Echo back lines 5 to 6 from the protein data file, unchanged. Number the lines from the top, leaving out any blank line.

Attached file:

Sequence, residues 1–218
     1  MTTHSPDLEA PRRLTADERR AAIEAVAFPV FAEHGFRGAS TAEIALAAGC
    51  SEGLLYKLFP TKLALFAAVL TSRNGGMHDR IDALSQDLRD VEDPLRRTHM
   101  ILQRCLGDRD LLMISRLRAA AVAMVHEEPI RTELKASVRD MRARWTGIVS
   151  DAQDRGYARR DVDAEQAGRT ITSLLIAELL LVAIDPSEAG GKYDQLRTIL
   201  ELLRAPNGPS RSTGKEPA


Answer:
   151  DAQDRGYARR DVDAEQAGRT ITSLLIAELL LVAIDPSEAG GKYDQLRTIL
   201  ELLRAPNGPS RSTGKEPA